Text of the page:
Boisterous indie-rockers Deer Tick are back after a break that almost broke up the band for good. It turns out that the separation may not have been such a bad thing for their collective muse, however. Upon regrouping last year, ostensibly to perform at the Newport Folk Festival, the guys quickly realized that they had enough material to make not one, but two new albums, which were recorded over concurrent, though disparate, sessions at the fabled Ardent Studios in Memphis. The results, aptly titled Deer Tick Vol.1 and Deer Tick Vol. 2, will be celebrated on the Twice as Nice tour which rolls into town next week and features a stripped-down, acoustic segment followed by a full-on electric set. In preparation for Tuesday’s show at Headliners Music Hall, which also includes comedian Chris Crofton on the bill, we recently caught up with Deer Tick guitarist Ian O’Neil by phone.
LEO: It’s rare to see someone cite the Felice Brothers as an influence. Can you speak to how they have informed your music?
Ian O’Neil: Well, they are good friends, great songwriters, and they are incredibly themselves at all times. They don’t really belong anywhere in the current music scene because they are stranger and more unique than most things that are out there. And I feel the same way about us.
You also list author Raymond Carver as an influence.
Carver had such a powerful style of capturing the realities of everyday life in his stories that his work has been a major influence on me for just about everything. I think that, in a way, writing short stories is akin to songwriting, even more so than writing poetry.
What can you tell us about the new Deer Tick documentary “Straight into a Storm?”
It came to life when a friend of ours, William Miller, decided to follow us around and film us over the course of our 10th-anniversary shows. Then he compiled a bunch of old footage to help flesh out a storyline. But to be honest, I haven’t seen the final cut yet, so that’s about all I can really say about it right now. I can’t wait to see it in the theater.
Did you notice anything different about the dynamic, or the approach within the band, following the hiatus?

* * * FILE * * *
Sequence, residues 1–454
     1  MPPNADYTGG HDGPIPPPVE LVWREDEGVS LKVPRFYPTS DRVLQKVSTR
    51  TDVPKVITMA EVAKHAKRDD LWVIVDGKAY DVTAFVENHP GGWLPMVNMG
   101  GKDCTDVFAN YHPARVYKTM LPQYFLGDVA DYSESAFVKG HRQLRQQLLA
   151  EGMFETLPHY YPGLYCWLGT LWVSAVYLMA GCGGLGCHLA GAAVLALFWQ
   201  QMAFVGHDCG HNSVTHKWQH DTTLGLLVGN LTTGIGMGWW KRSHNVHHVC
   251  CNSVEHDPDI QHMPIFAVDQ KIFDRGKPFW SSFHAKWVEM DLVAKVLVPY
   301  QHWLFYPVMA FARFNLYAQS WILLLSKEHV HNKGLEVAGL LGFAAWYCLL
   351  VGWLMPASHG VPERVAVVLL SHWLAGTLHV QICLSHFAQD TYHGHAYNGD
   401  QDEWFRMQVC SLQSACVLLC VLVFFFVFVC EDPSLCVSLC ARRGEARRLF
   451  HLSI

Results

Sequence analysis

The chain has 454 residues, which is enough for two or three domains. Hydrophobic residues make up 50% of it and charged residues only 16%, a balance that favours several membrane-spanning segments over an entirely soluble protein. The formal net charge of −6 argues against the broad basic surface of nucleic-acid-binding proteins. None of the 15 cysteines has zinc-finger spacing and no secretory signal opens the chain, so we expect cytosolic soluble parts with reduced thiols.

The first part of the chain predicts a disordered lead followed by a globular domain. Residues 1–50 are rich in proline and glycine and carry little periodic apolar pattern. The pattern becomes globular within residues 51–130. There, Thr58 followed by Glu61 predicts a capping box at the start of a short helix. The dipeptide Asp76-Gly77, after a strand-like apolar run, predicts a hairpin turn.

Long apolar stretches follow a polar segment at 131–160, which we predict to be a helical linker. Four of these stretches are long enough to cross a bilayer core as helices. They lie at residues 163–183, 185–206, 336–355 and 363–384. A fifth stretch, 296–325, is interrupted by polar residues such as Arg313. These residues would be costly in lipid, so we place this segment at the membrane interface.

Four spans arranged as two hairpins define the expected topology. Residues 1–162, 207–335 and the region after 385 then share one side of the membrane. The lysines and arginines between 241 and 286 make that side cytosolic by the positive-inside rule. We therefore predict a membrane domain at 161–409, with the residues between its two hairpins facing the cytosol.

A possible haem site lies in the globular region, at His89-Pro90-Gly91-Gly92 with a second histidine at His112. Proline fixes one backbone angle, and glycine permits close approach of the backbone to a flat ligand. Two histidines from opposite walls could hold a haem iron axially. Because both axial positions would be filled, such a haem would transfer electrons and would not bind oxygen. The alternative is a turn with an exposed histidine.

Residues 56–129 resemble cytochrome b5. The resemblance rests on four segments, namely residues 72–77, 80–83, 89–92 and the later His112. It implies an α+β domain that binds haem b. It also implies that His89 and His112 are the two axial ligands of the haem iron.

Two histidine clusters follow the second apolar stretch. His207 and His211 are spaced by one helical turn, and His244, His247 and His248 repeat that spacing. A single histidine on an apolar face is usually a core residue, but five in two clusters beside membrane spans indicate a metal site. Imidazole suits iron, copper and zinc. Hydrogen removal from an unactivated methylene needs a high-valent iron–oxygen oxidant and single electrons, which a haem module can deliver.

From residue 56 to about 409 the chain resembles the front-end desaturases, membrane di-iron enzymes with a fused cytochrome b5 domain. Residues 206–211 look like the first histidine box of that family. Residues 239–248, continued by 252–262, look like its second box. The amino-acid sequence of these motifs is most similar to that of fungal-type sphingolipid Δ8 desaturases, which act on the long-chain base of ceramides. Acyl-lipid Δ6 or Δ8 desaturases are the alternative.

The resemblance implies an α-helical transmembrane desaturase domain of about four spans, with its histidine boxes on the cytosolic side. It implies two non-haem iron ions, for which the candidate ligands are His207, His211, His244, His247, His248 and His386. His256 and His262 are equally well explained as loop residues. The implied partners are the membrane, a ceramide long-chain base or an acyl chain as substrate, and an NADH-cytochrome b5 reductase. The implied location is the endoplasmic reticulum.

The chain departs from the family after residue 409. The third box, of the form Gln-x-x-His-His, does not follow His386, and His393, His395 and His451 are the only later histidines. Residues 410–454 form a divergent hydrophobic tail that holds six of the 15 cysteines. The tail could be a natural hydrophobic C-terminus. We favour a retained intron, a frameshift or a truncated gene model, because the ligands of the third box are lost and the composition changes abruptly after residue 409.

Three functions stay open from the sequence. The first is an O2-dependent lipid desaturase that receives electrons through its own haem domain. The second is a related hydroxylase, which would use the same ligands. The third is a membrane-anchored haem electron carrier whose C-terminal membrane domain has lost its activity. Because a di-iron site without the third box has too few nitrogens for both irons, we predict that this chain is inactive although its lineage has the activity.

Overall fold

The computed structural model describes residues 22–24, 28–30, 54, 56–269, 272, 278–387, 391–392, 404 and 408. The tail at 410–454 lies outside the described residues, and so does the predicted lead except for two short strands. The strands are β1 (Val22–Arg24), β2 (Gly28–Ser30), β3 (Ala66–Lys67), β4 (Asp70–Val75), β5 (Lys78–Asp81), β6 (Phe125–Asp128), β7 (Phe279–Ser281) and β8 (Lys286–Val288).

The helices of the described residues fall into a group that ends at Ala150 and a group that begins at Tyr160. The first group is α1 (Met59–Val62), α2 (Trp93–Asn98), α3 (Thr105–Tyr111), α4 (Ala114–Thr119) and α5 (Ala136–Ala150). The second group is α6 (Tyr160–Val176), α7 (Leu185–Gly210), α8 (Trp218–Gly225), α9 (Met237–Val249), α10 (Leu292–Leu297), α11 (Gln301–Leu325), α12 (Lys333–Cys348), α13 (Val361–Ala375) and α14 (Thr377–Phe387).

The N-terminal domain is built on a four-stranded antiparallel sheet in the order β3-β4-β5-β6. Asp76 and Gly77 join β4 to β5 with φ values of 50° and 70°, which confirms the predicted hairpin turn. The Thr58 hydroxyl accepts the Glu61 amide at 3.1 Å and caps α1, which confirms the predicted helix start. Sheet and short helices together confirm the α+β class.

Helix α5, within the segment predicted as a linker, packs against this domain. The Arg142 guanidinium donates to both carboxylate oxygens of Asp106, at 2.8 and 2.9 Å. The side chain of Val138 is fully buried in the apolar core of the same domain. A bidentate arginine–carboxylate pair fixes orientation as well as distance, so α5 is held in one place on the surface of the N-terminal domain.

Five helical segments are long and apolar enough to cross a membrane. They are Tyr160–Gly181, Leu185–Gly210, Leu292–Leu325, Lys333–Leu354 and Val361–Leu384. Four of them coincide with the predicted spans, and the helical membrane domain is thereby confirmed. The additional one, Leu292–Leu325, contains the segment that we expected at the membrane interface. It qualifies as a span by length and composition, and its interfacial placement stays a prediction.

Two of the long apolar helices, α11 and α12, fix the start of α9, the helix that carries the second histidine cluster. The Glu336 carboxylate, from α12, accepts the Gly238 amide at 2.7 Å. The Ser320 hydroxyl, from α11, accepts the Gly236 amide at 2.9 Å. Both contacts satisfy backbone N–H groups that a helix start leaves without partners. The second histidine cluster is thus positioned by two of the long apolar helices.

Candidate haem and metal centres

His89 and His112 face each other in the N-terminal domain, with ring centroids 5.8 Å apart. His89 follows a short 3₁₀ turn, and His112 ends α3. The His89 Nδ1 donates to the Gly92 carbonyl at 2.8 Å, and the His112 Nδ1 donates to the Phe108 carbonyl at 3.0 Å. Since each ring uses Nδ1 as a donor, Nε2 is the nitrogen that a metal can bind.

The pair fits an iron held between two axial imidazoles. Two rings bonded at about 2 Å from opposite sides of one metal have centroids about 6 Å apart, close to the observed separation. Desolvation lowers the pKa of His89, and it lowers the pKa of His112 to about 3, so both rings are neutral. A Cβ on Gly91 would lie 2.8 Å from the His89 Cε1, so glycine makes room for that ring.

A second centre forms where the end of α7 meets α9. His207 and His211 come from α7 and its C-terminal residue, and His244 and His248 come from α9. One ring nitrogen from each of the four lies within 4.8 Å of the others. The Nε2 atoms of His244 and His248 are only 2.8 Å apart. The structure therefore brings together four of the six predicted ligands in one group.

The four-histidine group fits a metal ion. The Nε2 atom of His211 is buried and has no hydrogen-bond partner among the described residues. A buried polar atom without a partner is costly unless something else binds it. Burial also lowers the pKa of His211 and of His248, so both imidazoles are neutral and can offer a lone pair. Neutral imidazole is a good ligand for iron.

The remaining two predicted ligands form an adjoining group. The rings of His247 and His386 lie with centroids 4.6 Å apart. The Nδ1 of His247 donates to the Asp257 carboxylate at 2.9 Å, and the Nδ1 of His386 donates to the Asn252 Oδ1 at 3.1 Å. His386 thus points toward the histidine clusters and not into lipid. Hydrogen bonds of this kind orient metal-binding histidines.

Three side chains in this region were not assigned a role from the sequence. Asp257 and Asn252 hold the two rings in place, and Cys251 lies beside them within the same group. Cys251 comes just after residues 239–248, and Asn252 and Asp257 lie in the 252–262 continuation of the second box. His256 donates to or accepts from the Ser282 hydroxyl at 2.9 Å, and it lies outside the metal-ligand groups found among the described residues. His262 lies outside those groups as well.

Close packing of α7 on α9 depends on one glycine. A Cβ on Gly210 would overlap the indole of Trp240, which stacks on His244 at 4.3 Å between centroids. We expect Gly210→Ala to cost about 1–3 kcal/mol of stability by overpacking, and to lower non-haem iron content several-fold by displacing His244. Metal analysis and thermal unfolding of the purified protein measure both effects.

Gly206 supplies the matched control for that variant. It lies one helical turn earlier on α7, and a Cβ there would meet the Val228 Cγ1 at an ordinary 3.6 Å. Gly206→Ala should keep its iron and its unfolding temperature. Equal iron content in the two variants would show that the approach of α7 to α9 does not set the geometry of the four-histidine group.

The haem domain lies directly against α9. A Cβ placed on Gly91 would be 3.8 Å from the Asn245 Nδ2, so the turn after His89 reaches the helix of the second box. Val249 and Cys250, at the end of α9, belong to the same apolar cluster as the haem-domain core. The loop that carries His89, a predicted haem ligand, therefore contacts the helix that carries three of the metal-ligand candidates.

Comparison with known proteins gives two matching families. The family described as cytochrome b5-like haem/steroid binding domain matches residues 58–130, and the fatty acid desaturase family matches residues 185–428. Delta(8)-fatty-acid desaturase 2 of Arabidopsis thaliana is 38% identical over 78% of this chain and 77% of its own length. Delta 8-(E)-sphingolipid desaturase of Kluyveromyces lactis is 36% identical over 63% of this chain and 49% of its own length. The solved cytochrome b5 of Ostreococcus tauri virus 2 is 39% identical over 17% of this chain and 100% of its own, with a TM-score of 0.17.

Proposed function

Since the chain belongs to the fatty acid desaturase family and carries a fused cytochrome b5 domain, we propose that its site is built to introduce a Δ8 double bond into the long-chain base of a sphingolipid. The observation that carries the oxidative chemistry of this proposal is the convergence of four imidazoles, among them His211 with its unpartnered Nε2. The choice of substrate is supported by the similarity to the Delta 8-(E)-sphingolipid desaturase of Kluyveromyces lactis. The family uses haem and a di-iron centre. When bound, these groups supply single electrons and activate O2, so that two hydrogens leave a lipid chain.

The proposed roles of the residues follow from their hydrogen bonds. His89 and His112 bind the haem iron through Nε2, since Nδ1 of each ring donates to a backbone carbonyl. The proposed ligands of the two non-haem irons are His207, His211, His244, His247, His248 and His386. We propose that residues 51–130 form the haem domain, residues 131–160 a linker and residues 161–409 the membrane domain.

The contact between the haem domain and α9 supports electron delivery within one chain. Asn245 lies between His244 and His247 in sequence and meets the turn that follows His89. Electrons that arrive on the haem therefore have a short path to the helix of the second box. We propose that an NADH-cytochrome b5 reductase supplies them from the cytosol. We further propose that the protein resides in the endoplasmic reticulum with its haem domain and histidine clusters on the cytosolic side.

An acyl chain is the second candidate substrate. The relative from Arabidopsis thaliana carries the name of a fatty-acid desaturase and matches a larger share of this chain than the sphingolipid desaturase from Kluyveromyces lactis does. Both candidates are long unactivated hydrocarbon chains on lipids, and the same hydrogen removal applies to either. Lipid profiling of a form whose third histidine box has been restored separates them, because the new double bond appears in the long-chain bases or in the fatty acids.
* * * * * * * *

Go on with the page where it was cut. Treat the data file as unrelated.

Yeah, for sure. While we were apart we actually got more committed to one another and to the music we have in common. It’s kind of cliché, but we came back renewed and with a sense of purpose. Additionally, we all seem to have good home lives now, and we are basically happy people, which makes it easier for us to work together.
At what point did you know that you had two distinct albums on your hands?
We started to know that before we even had the songs finished. But we wanted to make sure that we had enough strong material to make good on the promise of the idea. We didn’t want to go into the studio with two sprawling sets of filler anchored by five or six good songs.
The live show is also structured as two sets, both reflective of the moods on each of the new records. When it comes to older material, how do you guys decide which set that any given song belongs in?
Our aim is to make sure that each night of this tour is different than the night before. Part of that process means that we’ll be playing around with the older songs — rearranging them to give them new life — so that, for example, something loud from Divine Providence might well end up in the acoustic set and so forth.
What was behind the decision to take a comedian out on the road with you?
We wanted to make every night our night, in terms of the music. And honest to God, we have to sound-check so many instruments as it is, I couldn’t imagine how it would have worked if there was another band involved. Plus, we’ve always thought it would be cool to incorporate comedy into the act somehow and this seemed like as good a time as any to do it.
Any memories of Kentucky that you’d care to share?
I remember that Louisville has a great art scene, and I always look forward to exploring whatever is going on in that world, whenever I’m in town. As far as past performances there, a personal favorite was when we were opening for Dr. Dog and we decided to come out dressed in drag, effectively stealing the show, much to their dismay.